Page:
Heart Healthy Diet –Heart Healthy Diet-PDF
Eating healthy is easier than you might think. Add these simple healthy eating habits to your daily life over the next few weeks and you’ll see just how easy it is. By making small changes like these over time, and taking them one at a time, not trying to rush into all of them at once, the changes are more likely to stick.
- Eat more fruits and vegetables. Aim for 4-5 servings each of fruits and vegetables every day, if you consume a 2,000 calorie diet. Vegetable or 100% fruit juice counts toward this goal.
- Eat more whole-grain foods. Like fruits and vegetables, whole-grain foods are low in saturated fat and cholesterol and rich in fiber. Whole-grain foods include whole-wheat bread, rye bread, brown rice and whole-grain cereal.
- Use olive, canola, corn, or safflower oil as your main kitchen fat. Limit how much fat or oil you use in cooking, and use liquid vegetable oils such as olive, canola, corn and safflower oils in place of solid fats.
- Eat more chicken, fish and beans than other meats. In general, skinless poultry, fish and vegetable protein (such as beans) are lower in saturated fat and cholesterol than other meats (beef, pork and lamb).
- Read food labels to help you choose healthy foods. Food labels provide information to help you make better food choices. Learn what information to look for (for example, sodium content) and how to find it quickly and easily.
The American Heart Association recommends that you eat a wide variety of nutritious foods daily. Remember, even simple, small changes can make a big difference in living a better life. This table shows the suggested number of servings from each food group based on a daily intake of 1,600 or 2,000 calories. There is a right number of calories for you, depending on your age, physical activity level and whether you are trying to lose, gain or maintain your weight. If you need fewer calories than shown below, decrease the number of servings and increase the servings if you need more calories.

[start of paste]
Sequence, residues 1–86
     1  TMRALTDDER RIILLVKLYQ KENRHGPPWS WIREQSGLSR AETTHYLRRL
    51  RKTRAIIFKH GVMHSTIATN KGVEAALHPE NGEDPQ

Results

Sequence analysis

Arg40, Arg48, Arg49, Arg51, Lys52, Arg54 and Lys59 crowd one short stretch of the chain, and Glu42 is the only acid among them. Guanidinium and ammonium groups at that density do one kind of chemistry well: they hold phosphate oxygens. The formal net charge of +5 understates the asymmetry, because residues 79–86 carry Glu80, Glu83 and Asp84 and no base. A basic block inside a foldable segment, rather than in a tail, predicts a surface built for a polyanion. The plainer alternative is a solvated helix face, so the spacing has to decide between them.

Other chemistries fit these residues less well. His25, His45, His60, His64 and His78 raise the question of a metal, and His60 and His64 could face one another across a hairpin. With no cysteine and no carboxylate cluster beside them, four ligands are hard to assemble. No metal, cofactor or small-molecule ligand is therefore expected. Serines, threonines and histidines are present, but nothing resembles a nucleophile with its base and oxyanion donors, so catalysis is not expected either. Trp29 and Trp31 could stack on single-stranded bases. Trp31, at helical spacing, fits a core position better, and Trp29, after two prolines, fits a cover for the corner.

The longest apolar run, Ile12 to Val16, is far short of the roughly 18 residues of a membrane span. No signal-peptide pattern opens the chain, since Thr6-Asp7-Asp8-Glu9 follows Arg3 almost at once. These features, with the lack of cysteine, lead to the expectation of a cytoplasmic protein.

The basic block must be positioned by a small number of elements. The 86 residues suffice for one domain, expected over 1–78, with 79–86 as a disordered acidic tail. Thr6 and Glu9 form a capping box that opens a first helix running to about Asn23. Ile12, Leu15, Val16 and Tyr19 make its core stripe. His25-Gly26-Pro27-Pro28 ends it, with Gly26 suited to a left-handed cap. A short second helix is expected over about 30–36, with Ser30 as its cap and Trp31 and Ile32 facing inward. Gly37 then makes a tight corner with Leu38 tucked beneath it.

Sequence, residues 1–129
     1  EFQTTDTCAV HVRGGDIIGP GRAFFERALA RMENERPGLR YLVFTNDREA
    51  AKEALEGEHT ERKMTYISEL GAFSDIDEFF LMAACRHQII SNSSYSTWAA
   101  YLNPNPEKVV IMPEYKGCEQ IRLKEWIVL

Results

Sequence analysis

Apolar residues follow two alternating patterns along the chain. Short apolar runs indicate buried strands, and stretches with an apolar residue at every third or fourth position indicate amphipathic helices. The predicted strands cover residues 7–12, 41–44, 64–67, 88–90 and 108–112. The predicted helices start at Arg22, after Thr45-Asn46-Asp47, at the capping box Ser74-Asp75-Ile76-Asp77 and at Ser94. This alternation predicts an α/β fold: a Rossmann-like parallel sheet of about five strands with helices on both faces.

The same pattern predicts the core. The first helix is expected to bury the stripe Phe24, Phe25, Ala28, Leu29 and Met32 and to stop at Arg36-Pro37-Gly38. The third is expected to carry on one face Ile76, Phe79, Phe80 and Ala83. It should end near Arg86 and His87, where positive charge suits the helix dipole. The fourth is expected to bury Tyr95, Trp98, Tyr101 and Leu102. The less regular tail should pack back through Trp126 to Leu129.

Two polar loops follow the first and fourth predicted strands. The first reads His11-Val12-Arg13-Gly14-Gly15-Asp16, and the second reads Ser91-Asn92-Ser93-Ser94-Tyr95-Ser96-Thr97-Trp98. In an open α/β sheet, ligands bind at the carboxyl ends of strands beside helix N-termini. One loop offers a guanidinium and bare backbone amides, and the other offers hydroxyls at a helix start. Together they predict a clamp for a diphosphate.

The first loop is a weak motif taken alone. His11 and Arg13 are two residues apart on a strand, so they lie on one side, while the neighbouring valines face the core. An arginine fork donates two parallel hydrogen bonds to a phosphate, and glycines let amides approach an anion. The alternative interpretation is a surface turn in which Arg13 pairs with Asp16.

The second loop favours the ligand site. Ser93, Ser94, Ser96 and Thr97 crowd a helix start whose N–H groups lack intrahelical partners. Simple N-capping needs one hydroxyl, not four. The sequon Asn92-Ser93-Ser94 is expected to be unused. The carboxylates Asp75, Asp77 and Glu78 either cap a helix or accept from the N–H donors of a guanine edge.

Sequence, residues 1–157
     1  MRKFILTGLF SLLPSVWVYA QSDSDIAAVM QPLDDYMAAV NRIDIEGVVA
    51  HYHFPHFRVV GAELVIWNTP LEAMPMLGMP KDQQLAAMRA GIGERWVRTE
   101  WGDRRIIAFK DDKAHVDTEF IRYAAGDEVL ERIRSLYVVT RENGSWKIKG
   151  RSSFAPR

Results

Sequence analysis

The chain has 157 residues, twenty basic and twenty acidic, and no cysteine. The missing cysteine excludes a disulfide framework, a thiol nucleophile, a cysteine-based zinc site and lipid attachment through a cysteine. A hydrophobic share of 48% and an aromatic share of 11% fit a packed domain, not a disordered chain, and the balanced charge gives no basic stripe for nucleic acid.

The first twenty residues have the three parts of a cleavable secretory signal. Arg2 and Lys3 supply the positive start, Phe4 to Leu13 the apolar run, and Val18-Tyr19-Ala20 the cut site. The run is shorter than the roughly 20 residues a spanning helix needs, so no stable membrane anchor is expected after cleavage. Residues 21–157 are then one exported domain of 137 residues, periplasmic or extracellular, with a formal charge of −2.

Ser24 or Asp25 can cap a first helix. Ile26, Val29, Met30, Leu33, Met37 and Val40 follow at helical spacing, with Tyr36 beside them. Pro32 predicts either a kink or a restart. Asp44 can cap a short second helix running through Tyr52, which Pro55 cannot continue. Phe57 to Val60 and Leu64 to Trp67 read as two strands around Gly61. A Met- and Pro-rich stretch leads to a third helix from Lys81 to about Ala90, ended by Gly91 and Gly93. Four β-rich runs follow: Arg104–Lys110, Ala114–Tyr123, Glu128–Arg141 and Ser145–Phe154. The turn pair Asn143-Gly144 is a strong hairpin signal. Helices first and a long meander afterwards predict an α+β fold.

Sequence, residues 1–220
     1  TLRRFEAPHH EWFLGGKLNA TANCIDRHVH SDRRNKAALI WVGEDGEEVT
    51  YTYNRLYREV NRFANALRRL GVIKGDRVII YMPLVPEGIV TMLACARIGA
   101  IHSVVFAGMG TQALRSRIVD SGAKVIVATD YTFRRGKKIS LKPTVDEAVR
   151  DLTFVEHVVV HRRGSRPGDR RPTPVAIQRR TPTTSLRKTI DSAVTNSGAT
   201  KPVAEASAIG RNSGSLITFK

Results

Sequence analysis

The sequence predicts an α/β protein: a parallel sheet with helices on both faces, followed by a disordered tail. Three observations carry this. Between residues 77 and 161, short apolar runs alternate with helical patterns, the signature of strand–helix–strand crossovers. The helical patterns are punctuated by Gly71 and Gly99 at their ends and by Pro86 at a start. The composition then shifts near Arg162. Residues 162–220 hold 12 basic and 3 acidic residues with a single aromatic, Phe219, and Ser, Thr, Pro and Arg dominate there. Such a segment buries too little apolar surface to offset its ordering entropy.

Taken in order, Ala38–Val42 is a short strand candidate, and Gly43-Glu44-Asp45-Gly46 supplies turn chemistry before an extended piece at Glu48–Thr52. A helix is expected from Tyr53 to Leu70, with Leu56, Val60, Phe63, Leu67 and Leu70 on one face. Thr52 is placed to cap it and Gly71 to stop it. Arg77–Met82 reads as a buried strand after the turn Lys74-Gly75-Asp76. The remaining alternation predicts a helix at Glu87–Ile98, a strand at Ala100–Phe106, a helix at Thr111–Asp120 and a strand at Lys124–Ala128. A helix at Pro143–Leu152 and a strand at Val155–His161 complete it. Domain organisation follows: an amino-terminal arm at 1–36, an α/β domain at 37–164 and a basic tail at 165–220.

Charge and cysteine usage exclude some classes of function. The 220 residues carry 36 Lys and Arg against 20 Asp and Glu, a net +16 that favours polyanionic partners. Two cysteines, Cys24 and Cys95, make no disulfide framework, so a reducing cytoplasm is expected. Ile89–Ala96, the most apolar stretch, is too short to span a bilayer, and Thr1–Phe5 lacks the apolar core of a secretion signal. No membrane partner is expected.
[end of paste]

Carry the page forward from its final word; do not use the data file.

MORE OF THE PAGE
|Food Type||1,600 Calories||2,000 Calories||Examples of One Serving|
|GrainsAt least half of your servings should be whole-grain.||6 servings per day||6-8 servings per day||1 slice bread1 oz dry cereal (check nutrition label for cup measurements of different products)1/2 cup cooked rice, pasta, or cereal (about the size of a baseball)|
|VegetablesEat a variety of colors and types||3-4 servings per day||4-5 servings per day||1 cup raw leafy vegetables (about the size of a small fist)1/2 cup cut-up raw or cooked vegetables1/2 cup vegetable juice|
|FruitsEat a variety of colors and types||4 servings per day||4-5 servings per day||1 medium fruit (about the size of a baseball)1/4 cup dried fruit1/2 cup fresh, frozen, or canned fruit1/2 cup fruit juice|
|Fat-free or low-fat dairy Products||2-3 servings per day||2-3 servings per day||1 cup fat-free or low-fat milk1 cup fat-free or low-fat yogurt1 and1/2 oz fat-free or low-fat cheese (about the size of 6 stacked dice)|
|Lean meats, poultry, and seafood||3-6 oz (cooked) per day||Less than 6 oz per day||3 oz cooked meat (about the size of a computer mouse)3 oz grilled fish (about the size of a checkbook)|
|Fats and oils Use liquid vegetable oils and soft margarine most often||2 servings per day||2-3 servings per day||1 tsp soft margarine1 Tbsp mayonnaise1 tsp vegetable oil1 Tbsp regular or 2 Tbsp low-fat salad dressing (fat-free dressing does not count as a serving)|
|Nuts, seeds, and legumes||3-4 servings per week||4-5 servings per week||1/3 cup or 1 and 1/2 oz nuts2 Tbsp peanut butter2 Tbsp or 1/2 oz seeds1/2 cup dry beans or peas|
|Sweets and added sugars||0 servings per week||5 or fewer servings per week||1 Tbsp sugar1 Tbsp jelly or jam1/2 cup sorbet and ices1 cup lemonade|